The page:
Fraser Rec District chips in for trail to Sports Complex
Sky-Hi Daily News
A proposed trail to link the Town of Fraser with the Fraser Outdoor Sports Complex took a significant step forward at Tuesday’s meeting of the Fraser Valley Metropolitan Recreation District.
In a unanimous vote, the district’s board of directors approved $16,500 in funds toward the purchase of land for the proposed trail.
Rec District Director Scott Ledin presented the request for the funds, which would be a cash match for a Great Outdoors Colorado grant being sought for the land purchase by the Fraser Valley Partnership for Trails. Of the total sum approved, $14,500 will be for the cash match while another $2,000 will be spent on a land appraisal for the purchase.
Also participating in the project with either funding or in-kind services are Grand County and the Town of Fraser.
With the funding apparently secured, negotiations on finalizing the purchase can now be made. The Union Pacific Railroad owns the property and is asking $80,000 for the land.
If the deal is successful, the railroad company will sell a 35-foot-wide strip of land from the Professional Building in Fraser to the intersection of County Road 5. The proposed trail will be built between and parallel the existing railroad tracks and U.S. Highway 40.
Ledin explained the trail is essential to give walkers and bikers a safe route from the town to the Outdoor Sports Complex.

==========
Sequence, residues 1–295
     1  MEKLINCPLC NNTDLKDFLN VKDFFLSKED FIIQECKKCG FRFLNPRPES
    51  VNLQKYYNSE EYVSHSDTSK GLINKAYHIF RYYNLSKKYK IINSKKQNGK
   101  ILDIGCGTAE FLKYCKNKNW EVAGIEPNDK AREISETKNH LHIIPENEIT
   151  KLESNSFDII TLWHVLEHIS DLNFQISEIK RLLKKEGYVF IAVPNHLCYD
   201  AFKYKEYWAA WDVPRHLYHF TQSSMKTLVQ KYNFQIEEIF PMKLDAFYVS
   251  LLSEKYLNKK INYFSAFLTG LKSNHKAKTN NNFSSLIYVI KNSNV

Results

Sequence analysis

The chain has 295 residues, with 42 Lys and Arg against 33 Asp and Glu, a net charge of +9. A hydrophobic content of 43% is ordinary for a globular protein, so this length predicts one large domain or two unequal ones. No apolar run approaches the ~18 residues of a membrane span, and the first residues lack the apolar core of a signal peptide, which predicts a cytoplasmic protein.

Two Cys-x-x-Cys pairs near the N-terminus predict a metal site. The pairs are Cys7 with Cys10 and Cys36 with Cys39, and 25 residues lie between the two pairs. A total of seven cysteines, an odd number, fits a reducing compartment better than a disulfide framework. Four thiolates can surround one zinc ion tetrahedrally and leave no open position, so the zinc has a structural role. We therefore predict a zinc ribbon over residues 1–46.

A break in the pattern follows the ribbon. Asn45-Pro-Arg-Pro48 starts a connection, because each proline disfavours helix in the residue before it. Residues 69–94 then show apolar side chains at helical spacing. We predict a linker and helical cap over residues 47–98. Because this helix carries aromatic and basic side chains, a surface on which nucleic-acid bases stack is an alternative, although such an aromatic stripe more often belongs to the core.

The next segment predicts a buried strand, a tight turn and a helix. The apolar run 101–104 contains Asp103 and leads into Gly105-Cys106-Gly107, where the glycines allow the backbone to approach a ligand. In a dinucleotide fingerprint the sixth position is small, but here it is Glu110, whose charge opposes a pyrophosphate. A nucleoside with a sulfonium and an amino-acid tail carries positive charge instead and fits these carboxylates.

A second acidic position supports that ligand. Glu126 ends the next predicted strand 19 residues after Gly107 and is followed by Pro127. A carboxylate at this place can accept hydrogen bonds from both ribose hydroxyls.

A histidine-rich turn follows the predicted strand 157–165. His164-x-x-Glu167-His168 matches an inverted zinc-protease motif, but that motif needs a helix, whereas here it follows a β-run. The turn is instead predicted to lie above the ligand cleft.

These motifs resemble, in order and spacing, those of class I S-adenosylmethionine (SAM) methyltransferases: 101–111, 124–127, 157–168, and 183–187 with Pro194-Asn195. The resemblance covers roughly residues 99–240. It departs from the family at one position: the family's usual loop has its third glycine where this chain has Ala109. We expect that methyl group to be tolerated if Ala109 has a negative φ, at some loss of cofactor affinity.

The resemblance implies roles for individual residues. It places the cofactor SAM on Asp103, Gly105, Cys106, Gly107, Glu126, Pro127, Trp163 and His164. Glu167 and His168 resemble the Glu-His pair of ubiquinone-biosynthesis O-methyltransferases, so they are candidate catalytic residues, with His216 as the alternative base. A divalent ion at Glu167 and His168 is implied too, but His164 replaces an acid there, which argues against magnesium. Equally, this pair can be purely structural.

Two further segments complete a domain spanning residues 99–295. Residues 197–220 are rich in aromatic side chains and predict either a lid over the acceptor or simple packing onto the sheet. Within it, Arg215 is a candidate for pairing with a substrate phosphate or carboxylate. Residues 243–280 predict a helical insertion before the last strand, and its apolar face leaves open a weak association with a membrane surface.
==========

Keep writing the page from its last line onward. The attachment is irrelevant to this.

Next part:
Rec District Board President Dan McConnell agreed, saying it frightens him to see children walking and biking down the highway to get to and from that sports facility.
In a related matter to the Fraser Outdoor Sports Complex, district resident Melanie Zwick asked the board to fulfill one of the provisions of last November’s bond issue pertaining to improving that facility.
While emphasizing she disagreed with the board on the bond and the ongoing controversy over the recreation center, Zwick said the bond promised to improve the “health and safety” of the sports complex. If they are serious about that, she suggested the district spend some of the bond money on “cleaning up the dog poop” and preventing people from letting their dogs “run loose.”
McConnell said he agreed something needs to be done, but hoped people would “keep their dogs on leashes” and would be “responsible for their dogs.” He also hoped the district would not be forced to hire someone to be “out there with a pooper scooper.”
While no one else directly spoke about the controversy over the recreation center at Tuesday’s meeting, McConnell said he read a letter to the editor in Tuesday’s Sky-Hi Daily News in which a Concerned Citizens member said his group supports its construction. McConnell said he “hoped they would continue to support its construction.”
In recent weeks, the Concerned Citizens have argued against its construction on land donated by the Grand Park development and have threatened a recall of Rec District Board members who approved the contract.
In a report by Austin Watson of ARC, construction of the recreation center is progressing with the installation of footers and other site preparation. Over the next two months, the work will include the construction of masonry walls, electric and gas service installation, steel deliveries and the pouring of floor slabs.
ARC’s Ryan Smelker told the board that construction of the new clubhouse at the Pole Creek Golf Course is also making progress. The golf course will officially close Oct. 12. Demolition of the old clubhouse is slated for Oct. 20.
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